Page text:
Just when you thought it was safe to open your newspaper again, South Korea's infamous Dr. Woo Suk Hwang, the world's first human cloner, is taking his affront to human dignity to new heights. You will remember that this was the fellow who first obtained stem cells by cloning embryos and "disaggregating" them. Then he cloned the world's first dog. Then he came up with the preposterous idea that scientists should write their own ethics rules. And now he is planning to traffic human embryonic stem cells around the globe.

As The Scientist (an online science news service) notes, not every country will let their scientists buy the cells. But most will. The report singles out Germany and Canada as states that have laws to keep out trafficked stem cells, as well as to forbid cloning back home. Yet it notes that only one or two U.S. states have legislation that would prevent scientists from buying Hwang's stem cells—providing, of course, which they use private (or, in some cases, state) dollars. So the remains of Dr. Hwang's ghoulish experiments, that make human embryos by cloning before pulling them apart for their stem cells, could end up in a lab near you.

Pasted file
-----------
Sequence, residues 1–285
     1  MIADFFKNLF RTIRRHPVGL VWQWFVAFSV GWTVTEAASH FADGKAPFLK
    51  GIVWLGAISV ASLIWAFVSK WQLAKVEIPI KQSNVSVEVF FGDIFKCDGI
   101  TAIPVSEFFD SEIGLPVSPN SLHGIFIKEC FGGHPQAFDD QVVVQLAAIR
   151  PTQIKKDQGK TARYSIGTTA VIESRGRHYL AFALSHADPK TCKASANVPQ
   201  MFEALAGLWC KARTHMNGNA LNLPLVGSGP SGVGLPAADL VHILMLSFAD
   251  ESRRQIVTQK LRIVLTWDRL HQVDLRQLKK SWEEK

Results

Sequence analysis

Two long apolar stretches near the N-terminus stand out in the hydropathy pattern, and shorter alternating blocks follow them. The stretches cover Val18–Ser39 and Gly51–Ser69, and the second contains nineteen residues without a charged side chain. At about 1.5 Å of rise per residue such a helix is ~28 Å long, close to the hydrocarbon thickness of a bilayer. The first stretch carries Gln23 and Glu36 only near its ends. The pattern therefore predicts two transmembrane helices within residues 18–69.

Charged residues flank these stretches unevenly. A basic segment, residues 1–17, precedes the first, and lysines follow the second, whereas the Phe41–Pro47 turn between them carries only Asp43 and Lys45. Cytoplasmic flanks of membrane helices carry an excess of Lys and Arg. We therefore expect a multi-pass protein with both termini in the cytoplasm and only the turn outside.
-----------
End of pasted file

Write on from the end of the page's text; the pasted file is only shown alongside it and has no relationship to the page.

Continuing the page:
Some have wondered why the Koreans have been so successful in the quest for the unholy grail. The online magazine Slate discusses this at surprising length, and it lays out a series of factors that have made Seoul the capital of the soulless world of stem-cell harvesting. Hwang himself credits Korean chopstick competencies that lead researchers to have strong manipulative skills (though this does not explain how Singapore, with its vast biotech investment and equal chopsticking skills, or China, with vastly more skilled hands, have yet to make the grade).

Korea is also unencumbered ...

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Life Matters
Nigel M. de S. Cameron is now president and CEO of the Center for Policy on Emerging Technologies. His "Life Matters" column, a commentary on bioethics issues, ran from 2005 to 2006.
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